This represents tremendous effort from many departments. From Plant Operations to Food Services, Central Stores to Housing and Residences, student clubs and societies to our Green Office network, and from research institutes to academic departments and of course the Sustainability Office, action is multifaceted. As we look back on the progress we’ve made over the past year together, there is a great deal to look forward to in the future.
Exciting new projects scheduled for 2019 include ongoing upgrades to our waste and recycling systems, and major retrofits to high-efficiency lighting.
We can all work together to make our university more sustainable and I thank every staff, student and faculty member who has made sustainability a priority on campus.
Remembering former board chair Peter Sims
Former Chair of the University of Waterloo's Board of Governors Peter Sims died on November 22.
Sims, managing partner of law firm Sims Clement Eastman, joined the University's Board of Governors in 1985. He was also chair and director of Chicopee Manufacturing Ltd, vice-president and director of Sims Investments Ltd., and chair and director of the Economical Mutual Insurance Company.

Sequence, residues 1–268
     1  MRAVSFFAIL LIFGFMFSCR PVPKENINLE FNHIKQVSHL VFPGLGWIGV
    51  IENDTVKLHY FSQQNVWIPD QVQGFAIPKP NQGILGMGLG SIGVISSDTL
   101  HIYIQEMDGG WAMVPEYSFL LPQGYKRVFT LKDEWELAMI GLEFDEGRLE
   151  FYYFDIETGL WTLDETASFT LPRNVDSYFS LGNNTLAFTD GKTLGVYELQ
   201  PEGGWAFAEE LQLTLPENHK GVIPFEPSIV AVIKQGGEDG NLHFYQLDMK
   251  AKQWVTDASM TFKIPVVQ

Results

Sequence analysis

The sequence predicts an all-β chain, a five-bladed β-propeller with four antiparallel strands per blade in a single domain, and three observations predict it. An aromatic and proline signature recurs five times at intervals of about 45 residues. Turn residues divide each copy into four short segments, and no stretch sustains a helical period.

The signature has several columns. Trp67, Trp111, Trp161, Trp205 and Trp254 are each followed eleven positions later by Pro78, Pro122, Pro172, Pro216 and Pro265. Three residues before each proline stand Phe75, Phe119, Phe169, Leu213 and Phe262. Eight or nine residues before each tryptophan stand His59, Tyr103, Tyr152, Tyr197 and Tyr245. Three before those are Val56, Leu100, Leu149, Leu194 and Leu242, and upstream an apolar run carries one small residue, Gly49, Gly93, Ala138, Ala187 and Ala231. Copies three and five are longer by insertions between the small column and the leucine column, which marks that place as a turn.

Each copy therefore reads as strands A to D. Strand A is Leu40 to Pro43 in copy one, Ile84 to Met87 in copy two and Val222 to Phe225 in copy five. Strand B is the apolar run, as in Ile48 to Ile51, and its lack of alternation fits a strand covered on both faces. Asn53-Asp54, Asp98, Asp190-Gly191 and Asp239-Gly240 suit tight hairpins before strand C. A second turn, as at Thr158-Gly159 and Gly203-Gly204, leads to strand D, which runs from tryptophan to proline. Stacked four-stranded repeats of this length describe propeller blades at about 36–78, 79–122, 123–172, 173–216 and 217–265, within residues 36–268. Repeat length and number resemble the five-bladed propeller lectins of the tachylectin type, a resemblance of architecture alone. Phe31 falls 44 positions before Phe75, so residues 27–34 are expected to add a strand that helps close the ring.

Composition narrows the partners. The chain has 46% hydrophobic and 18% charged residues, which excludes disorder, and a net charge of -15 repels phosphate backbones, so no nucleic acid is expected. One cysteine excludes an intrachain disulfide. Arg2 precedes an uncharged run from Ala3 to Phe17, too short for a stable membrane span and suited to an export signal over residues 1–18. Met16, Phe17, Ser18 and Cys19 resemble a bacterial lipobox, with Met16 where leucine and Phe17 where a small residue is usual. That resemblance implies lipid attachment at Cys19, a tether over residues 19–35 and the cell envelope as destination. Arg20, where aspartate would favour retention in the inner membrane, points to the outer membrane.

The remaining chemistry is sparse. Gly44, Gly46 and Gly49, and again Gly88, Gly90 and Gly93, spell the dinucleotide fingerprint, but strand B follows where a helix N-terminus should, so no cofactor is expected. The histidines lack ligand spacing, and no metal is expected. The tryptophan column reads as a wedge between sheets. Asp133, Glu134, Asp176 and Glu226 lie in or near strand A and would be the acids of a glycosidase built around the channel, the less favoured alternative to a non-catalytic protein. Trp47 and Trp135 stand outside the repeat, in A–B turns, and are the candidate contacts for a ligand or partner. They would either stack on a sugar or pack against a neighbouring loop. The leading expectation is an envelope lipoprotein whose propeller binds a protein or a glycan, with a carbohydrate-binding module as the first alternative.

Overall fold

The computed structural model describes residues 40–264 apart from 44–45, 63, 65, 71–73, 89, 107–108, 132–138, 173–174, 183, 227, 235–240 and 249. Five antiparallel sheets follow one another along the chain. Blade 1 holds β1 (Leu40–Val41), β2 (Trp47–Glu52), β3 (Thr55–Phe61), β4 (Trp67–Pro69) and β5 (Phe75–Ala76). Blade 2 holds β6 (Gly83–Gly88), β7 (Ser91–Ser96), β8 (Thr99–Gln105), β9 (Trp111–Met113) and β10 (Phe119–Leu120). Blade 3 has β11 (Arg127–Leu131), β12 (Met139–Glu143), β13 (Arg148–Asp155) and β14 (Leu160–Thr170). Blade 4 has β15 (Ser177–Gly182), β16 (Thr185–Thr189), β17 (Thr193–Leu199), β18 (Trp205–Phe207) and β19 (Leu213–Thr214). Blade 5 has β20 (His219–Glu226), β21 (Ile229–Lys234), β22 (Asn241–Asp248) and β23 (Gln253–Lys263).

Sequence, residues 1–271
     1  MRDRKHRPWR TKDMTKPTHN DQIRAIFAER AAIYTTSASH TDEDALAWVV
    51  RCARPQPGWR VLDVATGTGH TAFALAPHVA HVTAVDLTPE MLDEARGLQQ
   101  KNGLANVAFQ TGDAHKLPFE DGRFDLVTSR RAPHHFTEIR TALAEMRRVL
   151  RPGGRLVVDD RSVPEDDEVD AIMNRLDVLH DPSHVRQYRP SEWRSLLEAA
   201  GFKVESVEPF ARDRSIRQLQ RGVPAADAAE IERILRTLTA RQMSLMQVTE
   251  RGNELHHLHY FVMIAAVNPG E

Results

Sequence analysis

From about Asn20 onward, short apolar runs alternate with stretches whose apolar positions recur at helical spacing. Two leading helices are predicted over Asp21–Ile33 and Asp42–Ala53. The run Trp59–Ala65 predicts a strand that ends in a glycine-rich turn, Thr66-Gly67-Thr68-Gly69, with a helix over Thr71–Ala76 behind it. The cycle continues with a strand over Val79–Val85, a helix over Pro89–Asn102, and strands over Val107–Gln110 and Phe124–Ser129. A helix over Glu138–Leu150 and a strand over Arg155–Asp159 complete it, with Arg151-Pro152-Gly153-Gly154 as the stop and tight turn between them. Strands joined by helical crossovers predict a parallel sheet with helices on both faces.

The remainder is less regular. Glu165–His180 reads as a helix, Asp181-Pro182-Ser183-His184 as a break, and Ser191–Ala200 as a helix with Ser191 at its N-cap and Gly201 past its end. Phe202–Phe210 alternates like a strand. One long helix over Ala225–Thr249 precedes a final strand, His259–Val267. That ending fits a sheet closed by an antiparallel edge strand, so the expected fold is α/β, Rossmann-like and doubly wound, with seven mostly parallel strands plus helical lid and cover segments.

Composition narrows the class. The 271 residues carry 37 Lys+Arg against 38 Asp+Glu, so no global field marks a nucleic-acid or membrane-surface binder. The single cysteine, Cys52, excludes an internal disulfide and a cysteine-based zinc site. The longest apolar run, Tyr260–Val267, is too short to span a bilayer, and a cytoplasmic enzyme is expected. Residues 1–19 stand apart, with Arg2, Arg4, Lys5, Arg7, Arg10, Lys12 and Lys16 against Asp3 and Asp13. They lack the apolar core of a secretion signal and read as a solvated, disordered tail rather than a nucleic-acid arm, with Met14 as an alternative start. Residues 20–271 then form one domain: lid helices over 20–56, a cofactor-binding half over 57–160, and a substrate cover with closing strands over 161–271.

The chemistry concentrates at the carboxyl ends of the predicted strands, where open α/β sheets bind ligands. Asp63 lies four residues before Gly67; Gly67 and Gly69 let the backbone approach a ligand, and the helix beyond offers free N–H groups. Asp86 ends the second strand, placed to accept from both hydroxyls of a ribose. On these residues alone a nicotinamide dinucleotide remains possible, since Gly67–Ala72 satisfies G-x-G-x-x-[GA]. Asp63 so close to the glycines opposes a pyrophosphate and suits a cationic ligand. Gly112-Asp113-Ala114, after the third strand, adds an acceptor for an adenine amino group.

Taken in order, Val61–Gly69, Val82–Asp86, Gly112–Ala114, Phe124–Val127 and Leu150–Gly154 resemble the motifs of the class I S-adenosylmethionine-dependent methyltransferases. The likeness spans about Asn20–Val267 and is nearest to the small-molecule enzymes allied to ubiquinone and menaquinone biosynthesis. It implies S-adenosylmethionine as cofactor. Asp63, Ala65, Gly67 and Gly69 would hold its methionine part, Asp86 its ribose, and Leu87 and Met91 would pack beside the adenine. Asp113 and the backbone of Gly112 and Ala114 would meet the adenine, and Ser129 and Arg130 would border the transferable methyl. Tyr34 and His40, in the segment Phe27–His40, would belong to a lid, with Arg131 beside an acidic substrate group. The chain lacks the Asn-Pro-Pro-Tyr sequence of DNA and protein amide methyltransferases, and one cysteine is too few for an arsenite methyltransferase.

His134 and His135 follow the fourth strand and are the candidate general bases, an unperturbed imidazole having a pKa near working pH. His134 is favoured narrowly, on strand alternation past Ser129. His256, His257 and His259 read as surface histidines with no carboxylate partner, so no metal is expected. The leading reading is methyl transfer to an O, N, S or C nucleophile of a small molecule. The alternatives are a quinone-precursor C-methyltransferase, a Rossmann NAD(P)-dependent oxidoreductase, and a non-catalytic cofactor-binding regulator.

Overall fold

His family had strong connections to the University of Waterloo. His father, lawyer James Kenneth Sims, was a member of the founding board of governors of the University.
Sims was named Chair of the Board of Governors in 1994. At the same time, his wife Betty, a member of Wilfrid Laurier University's board of governors, was appointed Chair of that institution's board - a first in Canadian university governance. The couple would appear in competing Warriors and Golden Hawks apparel at public events to show off their school spirit(s).
Sims served as chair of the Board of Governors until 1997, when he was succeeded by business executive Paul Mitchell, who had also served as Sims's predecessor in 1993-1994.
Sims received an honourary degree from the University of Waterloo in 1999.
Together, Peter and Betty Sims made a generous gift of $500,000 to Campaign Waterloo in 2004 that supported the renovation of the Dana Porter Library's third floor and the creation of the Peter and Betty Sims Reading Room.
A plaque installed in the library recognized "outstanding friendship and support of the Library" from Peter and Betty Sims, and their "enduring commitment to higher education" as well as support of local hospitals, schools and other organizations.